I think this paints a picture really- and that is that somehow we seem to be scared of educating our 'young' generation(s). What we are scared of I do not know, but if we somehow entrust our knowledge of mental health in them from a young age, then perhaps we would not have this national crisis, with rising suicides and mental health illness.

I think we are doing things the wrong way. Understandably, funding pays a large part in this- and undoubtedly the provisions for mental health throughout my University education has a lot to do with the fact it was a privately funded institution. Schools and colleges that a are government backed do not have such a luxury. But I feel the direction needs to be changed. With more emphasis on teaching coping skills from a young age so that our children and adults of the future can better prepare for their futures on our busy, often dramatic planet.
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Official House of Commons
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#19
Report Thread starter 3 years ago
#19
(Original post by royal1990)
In my experience, certainly at school level- I never had any information relayed to me with regards mental health, though this may have had more to do with the fact my school was a 'failing comprehensive'. We occasionally had people coming in giving very generic, limited and vague speeches about depression and 'suicidal thoughts'. But this was never really something for which schools tended to talk about, and this was in the period of 2002-2007.

It seemed to be a case of- if the information concerned you, i.e. you suffered from low mood, depression or were suicidal then you had to contact the appropriate adult. It was never really covered in-depth- which I completely feel it should have been.

It wasn't that advice was absent, but for want of a better word, it was "useless". Young persons have and indeed then, had no direction. It was a very much 'off the beaten track' area, nobody really talked about it. I feel as a society we've made more progress about being more 'open', but I do feel that mental health professionals/medical professionals and indeed some doctors are non the wiser, and oftentimes treat situations in the wrong manner.

For example, my doctor is rather dismissive and oftentimes leaves me feeling 'irrelevant', 'insignificant' and 'unimportant'. Which of course starts of the vicious cycle. I feel this relates to teaching and the education sector just as much, if not more so.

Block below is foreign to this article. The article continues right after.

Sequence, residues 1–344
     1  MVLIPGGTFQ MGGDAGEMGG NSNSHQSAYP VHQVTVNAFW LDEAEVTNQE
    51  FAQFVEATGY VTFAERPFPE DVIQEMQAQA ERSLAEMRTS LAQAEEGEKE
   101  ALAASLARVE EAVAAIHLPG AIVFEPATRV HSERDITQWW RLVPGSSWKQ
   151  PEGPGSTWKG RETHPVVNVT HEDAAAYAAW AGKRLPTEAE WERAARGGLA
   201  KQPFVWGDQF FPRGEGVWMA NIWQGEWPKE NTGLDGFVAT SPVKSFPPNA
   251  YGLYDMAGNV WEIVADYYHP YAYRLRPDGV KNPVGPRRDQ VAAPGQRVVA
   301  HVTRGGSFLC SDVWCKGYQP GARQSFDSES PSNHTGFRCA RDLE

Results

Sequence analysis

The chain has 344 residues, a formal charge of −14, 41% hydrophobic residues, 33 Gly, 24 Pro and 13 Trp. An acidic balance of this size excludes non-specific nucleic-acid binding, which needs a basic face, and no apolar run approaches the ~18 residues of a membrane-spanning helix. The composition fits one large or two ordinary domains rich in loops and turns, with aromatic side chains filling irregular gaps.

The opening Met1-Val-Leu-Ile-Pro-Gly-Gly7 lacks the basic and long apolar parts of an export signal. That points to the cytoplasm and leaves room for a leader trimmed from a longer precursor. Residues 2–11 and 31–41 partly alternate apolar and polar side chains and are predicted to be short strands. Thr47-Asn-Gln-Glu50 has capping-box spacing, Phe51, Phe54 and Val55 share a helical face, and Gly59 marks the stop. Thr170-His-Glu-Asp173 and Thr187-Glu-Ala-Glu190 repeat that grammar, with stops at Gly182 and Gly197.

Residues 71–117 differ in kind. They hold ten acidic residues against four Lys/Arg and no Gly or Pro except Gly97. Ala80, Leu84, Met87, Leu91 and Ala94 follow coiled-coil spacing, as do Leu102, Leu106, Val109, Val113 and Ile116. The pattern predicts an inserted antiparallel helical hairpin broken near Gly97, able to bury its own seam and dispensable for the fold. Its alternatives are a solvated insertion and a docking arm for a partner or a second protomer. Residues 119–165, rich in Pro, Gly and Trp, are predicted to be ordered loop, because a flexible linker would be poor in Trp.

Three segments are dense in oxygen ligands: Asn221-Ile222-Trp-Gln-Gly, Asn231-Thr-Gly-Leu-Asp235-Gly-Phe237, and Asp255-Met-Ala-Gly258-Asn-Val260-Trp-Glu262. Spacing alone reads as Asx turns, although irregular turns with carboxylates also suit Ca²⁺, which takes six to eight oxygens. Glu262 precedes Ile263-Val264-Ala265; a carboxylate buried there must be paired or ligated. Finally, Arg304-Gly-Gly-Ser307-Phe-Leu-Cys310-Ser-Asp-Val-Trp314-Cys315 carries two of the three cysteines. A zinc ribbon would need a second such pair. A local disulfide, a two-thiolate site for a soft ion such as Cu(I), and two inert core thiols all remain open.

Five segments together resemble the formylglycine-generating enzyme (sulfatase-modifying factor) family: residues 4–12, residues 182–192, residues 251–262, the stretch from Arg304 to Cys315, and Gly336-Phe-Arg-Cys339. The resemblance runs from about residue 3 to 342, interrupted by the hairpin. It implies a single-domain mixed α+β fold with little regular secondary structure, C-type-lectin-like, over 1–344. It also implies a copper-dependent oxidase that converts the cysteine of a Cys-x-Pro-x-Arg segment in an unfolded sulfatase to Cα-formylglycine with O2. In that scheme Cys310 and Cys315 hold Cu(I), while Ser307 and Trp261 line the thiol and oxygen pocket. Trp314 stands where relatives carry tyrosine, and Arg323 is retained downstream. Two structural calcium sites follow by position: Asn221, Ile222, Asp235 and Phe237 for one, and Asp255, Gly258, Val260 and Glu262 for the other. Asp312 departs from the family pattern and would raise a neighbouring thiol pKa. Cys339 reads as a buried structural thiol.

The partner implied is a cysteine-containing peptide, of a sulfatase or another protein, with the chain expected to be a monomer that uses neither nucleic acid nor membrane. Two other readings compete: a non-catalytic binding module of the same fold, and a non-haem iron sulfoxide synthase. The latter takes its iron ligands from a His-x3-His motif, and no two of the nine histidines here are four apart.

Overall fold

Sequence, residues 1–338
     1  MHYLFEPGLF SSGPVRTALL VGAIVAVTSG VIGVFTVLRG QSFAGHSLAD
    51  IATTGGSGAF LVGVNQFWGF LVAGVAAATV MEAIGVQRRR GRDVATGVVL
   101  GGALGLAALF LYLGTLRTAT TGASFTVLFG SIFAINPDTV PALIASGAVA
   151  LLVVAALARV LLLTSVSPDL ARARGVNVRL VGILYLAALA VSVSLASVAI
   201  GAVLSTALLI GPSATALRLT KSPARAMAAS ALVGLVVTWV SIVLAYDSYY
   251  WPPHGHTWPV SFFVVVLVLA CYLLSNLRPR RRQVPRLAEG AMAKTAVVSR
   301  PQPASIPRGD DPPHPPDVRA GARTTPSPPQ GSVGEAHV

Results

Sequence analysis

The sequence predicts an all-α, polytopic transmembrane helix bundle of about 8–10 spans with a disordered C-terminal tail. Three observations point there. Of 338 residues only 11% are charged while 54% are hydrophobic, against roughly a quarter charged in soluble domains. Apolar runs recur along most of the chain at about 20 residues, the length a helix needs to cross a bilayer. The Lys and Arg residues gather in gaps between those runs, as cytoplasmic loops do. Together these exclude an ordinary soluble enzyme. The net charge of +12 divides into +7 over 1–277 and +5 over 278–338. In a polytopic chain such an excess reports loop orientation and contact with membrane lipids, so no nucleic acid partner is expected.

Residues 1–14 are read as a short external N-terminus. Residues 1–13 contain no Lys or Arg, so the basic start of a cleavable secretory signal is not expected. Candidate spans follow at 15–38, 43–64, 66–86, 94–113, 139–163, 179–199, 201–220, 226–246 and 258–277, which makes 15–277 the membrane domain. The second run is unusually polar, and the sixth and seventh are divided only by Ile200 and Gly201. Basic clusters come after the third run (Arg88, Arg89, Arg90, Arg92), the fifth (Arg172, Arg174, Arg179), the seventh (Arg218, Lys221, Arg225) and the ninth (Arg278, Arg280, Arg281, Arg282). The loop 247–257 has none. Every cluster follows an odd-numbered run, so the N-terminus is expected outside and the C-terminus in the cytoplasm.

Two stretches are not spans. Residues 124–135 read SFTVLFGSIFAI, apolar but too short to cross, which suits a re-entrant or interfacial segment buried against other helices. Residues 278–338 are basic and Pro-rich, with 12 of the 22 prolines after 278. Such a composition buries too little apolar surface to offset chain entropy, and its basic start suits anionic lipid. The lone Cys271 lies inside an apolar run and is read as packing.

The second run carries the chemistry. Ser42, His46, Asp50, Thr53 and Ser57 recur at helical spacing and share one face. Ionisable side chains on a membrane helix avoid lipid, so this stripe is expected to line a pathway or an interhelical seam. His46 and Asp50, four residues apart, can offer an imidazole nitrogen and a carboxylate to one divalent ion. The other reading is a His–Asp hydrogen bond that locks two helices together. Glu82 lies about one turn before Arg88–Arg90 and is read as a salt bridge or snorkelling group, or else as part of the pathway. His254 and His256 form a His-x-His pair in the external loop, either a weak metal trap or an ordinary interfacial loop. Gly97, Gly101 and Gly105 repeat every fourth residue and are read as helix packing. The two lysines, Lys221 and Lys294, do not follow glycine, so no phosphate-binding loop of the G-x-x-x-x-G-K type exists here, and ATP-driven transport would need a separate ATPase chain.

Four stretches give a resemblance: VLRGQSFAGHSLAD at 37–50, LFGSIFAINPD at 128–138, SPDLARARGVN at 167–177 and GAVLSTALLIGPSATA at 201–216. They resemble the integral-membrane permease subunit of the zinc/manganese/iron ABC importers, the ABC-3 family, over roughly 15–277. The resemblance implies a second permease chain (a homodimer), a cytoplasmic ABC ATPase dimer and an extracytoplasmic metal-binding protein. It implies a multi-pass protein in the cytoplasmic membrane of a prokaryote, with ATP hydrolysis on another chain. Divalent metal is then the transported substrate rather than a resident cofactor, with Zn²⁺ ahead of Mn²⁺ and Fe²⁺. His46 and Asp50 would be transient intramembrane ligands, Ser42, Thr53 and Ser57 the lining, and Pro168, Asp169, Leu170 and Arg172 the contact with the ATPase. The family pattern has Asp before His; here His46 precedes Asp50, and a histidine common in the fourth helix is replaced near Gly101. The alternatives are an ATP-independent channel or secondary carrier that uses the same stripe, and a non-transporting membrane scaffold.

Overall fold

Society is still very ignorant to the stigmas surrounding mental health, and in some cases trained professionals reinforce it inadvertently.

At college (between 2007 to 2011 for me) there was a much wider awareness and acceptance of mental health. We had people come in, and had regular slots for this. We'd have workshops about such issues. There seemed to be more understanding and appreciation for tackling said issues.

At University, the provision was probably at the highest in terms of performance I'd ever seen. Regular emails are sent out (in my institution), newsletters always state where advice is found, and the well-being team are fantastic!

I think this paints a picture really- and that is that somehow we seem to be scared of educating our 'young' generation(s). What we are scared of I do not know, but if we somehow entrust our knowledge of mental health in them from a young age, then perhaps we would not have this national crisis, with rising suicides and mental health illness.

I think we are doing things the wrong way. Understandably, funding pays a large part in this- and undoubtedly the provisions for mental health throughout my University education has a lot to do with the fact it was a privately funded institution. Schools and colleges that a are government backed do not have such a luxury. But I feel the direction needs to be changed. With more emphasis on teaching coping skills from a young age so that our children and adults of the future can better prepare for their futures on our busy, often dramatic planet.
So you think the current education needs to be more in depth and extensive? Also do you feel your doctor could have training in how to approach patients?

The stigma is a challenge could you tell me of anyways it could be reduced? Also people coming into the school provided the best education around mental health is there anyway this could have been improved?

The part about the university emails seem to be really effective! Do you think it would be useful to use more social media in this way?

Finally do you see funding as a common cause of the lack of education around mental health?

This is really useful stuff thank you!

Rhys
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royal1990
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#20
Report 3 years ago